In the fourth stage – Stage 4 Signal Flow, the multiple signals are routed from the console to a device that is capable of recording this summed balanced and processed signal into a single stereo track. This mix of the multiple channels is referred to as a Stereo Mix.
In order to do this, we route the signal from the console’s Master fader send…….
… to the DAW via a AD/DA interface (for example Stereo Input 1+2)..
[Note: If the Studio has a patchbay setup, you are more than likely in need of routing this Stage 4 Signal Flow via that patchbay].
This completes Stage four, from the console to the MTR.
Once we have done this, we need to prepare to Return the signal back to the console for Monitoring the Stereo Mix track. This is Stage 5 of the Mixing phase. So how do we do Return the signal to the console for monitoring this Stereo Mix track?
You will note the Outputs in the tape are already being used, returning the signal of the original mix to the console’s Channel Strips (Stage 3 Monitoring Path) in order for us to monitor the original mix. So, we need an alternate way to route this Stereo Mix track Return back to the console, in order to monitor and confirm this final Stereo Mix track meets our technical and creative standards.
Whilst each studio will have its own particular routing and naming protocol, most consoles have what we refer to as a 2-Track monitoring function. 2-Track monitoring refers to the monitoring of the final Stereo Mix track Return – Stage 5 of the Mixing phase. As the mono outputs are occupied by Stage 3, we need an alternative routing option from the DAW via the AD/DA interface. This is usually done via a digital output such as an ADAT or a SPIDF output.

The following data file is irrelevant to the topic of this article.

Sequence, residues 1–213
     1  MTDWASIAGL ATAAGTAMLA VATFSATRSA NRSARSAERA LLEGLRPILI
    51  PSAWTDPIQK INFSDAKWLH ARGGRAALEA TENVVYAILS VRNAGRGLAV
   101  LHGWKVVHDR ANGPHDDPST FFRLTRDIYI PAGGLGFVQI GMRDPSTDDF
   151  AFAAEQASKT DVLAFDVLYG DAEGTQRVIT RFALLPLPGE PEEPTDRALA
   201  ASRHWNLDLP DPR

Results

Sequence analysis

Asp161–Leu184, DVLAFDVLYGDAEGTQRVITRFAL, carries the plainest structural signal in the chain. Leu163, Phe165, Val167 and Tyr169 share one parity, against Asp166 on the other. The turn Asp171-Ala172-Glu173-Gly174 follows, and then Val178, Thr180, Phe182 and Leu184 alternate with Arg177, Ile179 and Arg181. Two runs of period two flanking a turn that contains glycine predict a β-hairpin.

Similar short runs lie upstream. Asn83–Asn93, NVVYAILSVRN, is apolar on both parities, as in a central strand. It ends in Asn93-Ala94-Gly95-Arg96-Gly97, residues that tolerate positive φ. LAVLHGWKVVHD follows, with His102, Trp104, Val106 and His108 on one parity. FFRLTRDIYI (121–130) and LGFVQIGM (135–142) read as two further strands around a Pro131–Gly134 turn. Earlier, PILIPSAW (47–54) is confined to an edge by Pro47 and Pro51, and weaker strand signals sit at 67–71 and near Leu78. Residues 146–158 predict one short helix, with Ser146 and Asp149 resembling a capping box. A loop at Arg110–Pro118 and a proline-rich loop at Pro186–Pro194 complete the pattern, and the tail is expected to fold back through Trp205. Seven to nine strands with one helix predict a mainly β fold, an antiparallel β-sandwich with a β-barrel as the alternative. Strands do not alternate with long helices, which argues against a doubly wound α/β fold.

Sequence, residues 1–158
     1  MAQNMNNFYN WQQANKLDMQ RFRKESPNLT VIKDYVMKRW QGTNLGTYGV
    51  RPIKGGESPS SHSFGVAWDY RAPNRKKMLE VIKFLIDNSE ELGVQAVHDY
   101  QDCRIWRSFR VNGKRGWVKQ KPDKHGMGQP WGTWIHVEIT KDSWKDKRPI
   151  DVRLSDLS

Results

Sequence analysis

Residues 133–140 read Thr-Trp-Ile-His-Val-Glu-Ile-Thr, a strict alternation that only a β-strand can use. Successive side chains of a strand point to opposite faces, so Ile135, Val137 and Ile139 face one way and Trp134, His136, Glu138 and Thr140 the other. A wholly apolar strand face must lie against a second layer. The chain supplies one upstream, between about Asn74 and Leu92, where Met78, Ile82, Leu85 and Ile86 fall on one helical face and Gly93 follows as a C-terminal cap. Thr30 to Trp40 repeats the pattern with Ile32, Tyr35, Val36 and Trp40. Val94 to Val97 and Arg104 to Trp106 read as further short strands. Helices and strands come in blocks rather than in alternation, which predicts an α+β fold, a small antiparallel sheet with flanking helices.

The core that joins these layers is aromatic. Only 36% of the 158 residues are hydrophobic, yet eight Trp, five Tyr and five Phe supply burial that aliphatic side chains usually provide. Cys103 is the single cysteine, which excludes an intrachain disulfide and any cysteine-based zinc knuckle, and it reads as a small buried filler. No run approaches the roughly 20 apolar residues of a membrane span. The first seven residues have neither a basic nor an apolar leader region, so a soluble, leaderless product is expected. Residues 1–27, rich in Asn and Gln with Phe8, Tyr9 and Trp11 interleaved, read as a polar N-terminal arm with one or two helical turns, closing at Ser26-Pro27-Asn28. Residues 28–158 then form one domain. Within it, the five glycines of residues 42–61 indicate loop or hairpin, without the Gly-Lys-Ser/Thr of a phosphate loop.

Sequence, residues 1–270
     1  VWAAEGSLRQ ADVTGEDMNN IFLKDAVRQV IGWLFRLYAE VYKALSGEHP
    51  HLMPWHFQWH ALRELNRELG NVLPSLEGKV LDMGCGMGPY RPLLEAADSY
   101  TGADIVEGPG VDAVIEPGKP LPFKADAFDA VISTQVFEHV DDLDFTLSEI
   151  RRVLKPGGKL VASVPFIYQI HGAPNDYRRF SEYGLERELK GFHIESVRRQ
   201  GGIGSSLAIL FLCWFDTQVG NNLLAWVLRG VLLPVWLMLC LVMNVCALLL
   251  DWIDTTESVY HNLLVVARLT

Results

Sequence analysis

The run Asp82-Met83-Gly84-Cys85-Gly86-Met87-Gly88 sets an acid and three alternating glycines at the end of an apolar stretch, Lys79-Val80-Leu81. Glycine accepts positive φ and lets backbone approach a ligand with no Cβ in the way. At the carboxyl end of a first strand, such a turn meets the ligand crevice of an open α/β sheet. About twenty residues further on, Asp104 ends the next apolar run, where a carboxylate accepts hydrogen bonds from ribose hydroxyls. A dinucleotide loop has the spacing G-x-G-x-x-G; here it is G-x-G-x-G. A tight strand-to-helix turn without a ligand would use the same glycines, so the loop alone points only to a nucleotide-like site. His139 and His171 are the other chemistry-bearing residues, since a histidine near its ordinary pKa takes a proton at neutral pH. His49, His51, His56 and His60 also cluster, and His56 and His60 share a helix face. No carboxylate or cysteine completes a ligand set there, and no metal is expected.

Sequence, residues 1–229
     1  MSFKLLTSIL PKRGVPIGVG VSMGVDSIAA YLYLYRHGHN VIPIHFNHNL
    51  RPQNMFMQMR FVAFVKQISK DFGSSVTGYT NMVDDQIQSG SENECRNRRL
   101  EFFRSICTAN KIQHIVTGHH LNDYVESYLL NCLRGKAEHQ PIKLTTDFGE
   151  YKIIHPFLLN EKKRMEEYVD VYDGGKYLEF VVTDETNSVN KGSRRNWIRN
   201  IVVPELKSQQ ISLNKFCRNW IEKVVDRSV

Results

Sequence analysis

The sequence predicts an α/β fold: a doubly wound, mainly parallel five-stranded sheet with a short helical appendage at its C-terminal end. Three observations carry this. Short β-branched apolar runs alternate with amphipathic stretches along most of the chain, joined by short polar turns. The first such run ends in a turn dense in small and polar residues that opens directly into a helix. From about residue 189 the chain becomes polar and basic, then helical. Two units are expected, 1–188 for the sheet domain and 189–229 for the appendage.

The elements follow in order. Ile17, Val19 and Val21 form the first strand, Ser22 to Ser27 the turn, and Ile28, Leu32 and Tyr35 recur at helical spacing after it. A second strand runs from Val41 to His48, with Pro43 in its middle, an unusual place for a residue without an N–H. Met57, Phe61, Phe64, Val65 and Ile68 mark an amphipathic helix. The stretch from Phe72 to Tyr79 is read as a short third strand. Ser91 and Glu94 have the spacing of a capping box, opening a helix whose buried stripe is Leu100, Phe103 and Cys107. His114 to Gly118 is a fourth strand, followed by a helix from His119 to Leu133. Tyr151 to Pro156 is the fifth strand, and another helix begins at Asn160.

[Note: Before we leave the DAW, we need to confirm the Stereo Mix levels in the virtual MTR are appropriate via Input Monitoring. If the levels are not appropriate (too high or too low), you need to re-check your mix levels, and adjust accordingly].
In order to monitor this Stereo Mix track signal on the console, you need to select the 2-Track function on the console, in order to monitor this final Stereo Mix track Return – Stage 5 of the Mixing phase.
[Note: each console manufacturer is likely to have their own naming protocol for this 2-Track monitoring function. For example, a number of more recent consoles refer to this final Stereo Mix monitoring function as DAW].
Selecting this 2-Track function on the console, will route the Stereo Mix signal to the monitors for confirming the technical and creative merits of your final Stereo Mix. To confirm that you as the Mixing Engineer is actually monitoring Stage 5 (and not Stage 3), if you select the mute button on the Stereo Mix track within the DAW, the monitoring signal to the Control Room monitors should be cut. Deselect the mute button to continue to monitor this Stereo Mix signal.
This completes the 3 stages of the Mixing phase – Stage 3, Stage 4 and Stage 5.
Audio Engineering is an enjoyable, technical and creative pursuit. It is dependent upon the engineer understanding the fundamentals. Signal Flow is one of the core fundamentals. Understanding and practicing these three stages of the Recording phase’ Signal Flow and the three stages of the Mixing phase Signal Flow until committed to muscle memory is essential to the development of the aspiring engineer.
Images courtesy of: David L Page Accessed 3rd June, 2013
With over 20 years experience in the arts & post-compulsory education, David has lived, studied and worked Internationally including Japan, India, Fiji, the US and NZ.
David has extensive interests as per the extensive blogs hosted on his site (see below).
Additionally, David has published in both lay texts and academic (peer-review) publications.